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Sentiment Speaks

This note was originally published at 8am on March 12, 2014 for Hedgeye subscribers.

“Listen to many, speak to few.”

-William Shakespeare


I love to read, write, and rant. But, other than our top institutional customers and my research team, I speak to few during a typical market day. While I love my best friend (my brother Ryan), our phone conversations are usually 140 words or less.


If you read voraciously, you can listen to the #history of many. If you create the right contra-streams on Twitter, you can watch the sentiment of the crowd. If you embrace uncertainty of timing market sentiment, you’ll always be prepared to change your mind.


But macro markets don’t care about what I think about all of that. Markets are non-linear. They are structured to pulverize the largest number of people at the most inconvenient time. So listen to Mr. Macro Market’s signals very closely. He’s a front-runner of risk.


Back to the Global Macro Grind


With Japanese, Chinese, and American #GrowthSlowing (oh, and Russia crashing to -22.6% YTD), what could possibly go wrong? Rather than have some character tell you “the market is cheap”, you can listen to #history’s lesson on that:


1. When Inflation Accelerates, and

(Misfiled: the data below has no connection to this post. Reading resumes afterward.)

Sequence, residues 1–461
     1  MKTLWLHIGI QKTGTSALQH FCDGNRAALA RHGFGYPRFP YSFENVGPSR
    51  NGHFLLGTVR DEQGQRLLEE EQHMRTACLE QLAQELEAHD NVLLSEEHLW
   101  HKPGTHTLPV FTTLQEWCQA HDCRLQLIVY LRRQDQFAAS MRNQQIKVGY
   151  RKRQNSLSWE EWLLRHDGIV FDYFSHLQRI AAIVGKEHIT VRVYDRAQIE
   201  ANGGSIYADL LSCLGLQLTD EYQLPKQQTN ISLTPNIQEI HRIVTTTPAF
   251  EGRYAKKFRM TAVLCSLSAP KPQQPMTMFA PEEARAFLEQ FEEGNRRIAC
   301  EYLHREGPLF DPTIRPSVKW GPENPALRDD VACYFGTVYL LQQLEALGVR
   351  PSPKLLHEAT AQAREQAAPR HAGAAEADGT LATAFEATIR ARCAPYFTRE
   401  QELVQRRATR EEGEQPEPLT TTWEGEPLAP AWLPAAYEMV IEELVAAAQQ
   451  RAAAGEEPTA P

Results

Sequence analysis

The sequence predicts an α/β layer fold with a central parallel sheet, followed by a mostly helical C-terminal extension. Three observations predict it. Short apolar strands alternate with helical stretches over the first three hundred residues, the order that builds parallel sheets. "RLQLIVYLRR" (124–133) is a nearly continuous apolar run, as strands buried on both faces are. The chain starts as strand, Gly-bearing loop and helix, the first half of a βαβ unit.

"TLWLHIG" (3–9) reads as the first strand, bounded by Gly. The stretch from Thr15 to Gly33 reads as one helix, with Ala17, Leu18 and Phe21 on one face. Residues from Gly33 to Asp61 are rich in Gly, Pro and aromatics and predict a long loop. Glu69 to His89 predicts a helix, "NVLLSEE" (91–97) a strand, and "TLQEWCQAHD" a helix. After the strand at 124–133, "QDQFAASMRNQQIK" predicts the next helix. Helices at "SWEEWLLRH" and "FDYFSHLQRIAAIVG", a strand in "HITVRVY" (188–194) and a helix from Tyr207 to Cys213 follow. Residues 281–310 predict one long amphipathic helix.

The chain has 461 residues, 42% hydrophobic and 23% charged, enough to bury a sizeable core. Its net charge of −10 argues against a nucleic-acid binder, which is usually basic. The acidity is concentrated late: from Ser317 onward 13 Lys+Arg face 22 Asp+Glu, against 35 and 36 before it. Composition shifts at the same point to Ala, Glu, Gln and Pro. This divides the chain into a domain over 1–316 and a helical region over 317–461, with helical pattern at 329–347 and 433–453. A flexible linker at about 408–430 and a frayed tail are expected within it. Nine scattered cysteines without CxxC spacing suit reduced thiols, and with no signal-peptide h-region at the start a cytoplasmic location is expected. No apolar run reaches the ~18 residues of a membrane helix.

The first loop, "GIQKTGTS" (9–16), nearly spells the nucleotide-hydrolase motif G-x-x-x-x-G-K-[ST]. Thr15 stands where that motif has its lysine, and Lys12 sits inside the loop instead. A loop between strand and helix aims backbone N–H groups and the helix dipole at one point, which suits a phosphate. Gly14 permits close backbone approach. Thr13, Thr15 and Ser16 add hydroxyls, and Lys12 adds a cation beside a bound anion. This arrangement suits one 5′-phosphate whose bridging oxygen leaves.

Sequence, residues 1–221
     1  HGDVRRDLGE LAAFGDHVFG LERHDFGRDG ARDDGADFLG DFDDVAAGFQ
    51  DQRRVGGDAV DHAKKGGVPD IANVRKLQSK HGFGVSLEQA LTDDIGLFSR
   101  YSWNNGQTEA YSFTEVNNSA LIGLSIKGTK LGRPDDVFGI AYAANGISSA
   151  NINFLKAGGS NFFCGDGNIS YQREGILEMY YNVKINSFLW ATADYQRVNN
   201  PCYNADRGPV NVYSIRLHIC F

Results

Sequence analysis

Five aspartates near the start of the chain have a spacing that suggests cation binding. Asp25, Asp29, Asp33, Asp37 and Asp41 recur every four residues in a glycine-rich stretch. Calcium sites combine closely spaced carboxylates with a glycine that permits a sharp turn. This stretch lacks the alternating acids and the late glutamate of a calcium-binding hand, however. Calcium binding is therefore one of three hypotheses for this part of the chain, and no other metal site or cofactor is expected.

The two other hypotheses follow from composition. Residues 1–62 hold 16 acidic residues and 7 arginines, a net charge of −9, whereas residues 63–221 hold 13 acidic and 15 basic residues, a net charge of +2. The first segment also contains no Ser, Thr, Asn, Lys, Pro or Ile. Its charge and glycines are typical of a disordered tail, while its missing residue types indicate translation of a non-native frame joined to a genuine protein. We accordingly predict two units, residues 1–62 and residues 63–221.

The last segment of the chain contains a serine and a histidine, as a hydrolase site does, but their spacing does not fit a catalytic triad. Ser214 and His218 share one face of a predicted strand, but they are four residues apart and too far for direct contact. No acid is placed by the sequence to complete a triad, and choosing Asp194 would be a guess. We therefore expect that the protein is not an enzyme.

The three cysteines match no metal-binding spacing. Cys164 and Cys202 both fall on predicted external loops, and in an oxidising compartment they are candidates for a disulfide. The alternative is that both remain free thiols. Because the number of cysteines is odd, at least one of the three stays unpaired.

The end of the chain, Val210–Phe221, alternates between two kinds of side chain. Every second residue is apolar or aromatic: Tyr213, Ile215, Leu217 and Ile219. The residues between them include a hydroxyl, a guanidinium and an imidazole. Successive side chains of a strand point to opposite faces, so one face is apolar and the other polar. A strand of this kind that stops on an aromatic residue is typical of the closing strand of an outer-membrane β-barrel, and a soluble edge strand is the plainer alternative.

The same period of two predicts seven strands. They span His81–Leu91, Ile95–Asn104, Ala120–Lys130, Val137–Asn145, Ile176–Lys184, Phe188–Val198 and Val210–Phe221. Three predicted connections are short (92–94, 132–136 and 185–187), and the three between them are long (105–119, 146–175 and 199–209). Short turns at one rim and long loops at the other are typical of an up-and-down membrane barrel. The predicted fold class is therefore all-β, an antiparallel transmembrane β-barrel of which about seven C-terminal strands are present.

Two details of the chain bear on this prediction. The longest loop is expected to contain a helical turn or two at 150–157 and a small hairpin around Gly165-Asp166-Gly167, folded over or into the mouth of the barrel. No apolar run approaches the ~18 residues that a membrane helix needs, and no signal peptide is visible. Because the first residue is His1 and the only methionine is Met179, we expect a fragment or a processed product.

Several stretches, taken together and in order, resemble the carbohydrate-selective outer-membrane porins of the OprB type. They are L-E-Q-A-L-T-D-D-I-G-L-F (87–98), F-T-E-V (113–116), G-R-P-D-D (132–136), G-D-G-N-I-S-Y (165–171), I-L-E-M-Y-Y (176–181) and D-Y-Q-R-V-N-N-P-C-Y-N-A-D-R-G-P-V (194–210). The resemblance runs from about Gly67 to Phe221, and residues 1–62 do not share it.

2. Real (inflation adjusted) Growth slows…


You get:


A) Multiple compression in Equities

B) Multiple expansion in Bonds


And, since:


1. #OldWall consensus is still looking for implied multiple expansion (to 17-18x EPS) for the SP500 this yr

2. #OldWall consensus is still looking for implied multiple compression (higher bond yields) for Treasuries this yr


You have yourself basically the opposite consensus to listen to that you had only 1 year ago today. While last year seems like forever ago to a consensus that missed US #GrowthAccelerating, on March 12, 2013:


1. The Dow and SP500 were at 14,450 and 1552, respectively

2. The 10yr US Treasury Yield was at 1.90% (tracking towards its all-time low of 1.7% in April)


Sentiment then wasn’t off by a little bit – it was off by a country mile.


By year-end of 2013:


1. The Dow and SP500 closed at 16,576 and 1848, respectively

2. The 10yr US Treasury Yield has its biggest % move in 50yrs (closing the yr at 3.03%)


Fast-forward to today, with the US Dollar on its YTD lows and #InflationAccelerating, the Dow Jones is actually DOWN -0.6% YTD and US 10yr Treasury Yield is DOWN -28 basis points to 2.75%. But the SP500 is up a whopping +1.0% (plus or minus whatever happens today), so let’s turn on the tube and keep talking up what was supposed to be a US Equity multiple expansion party!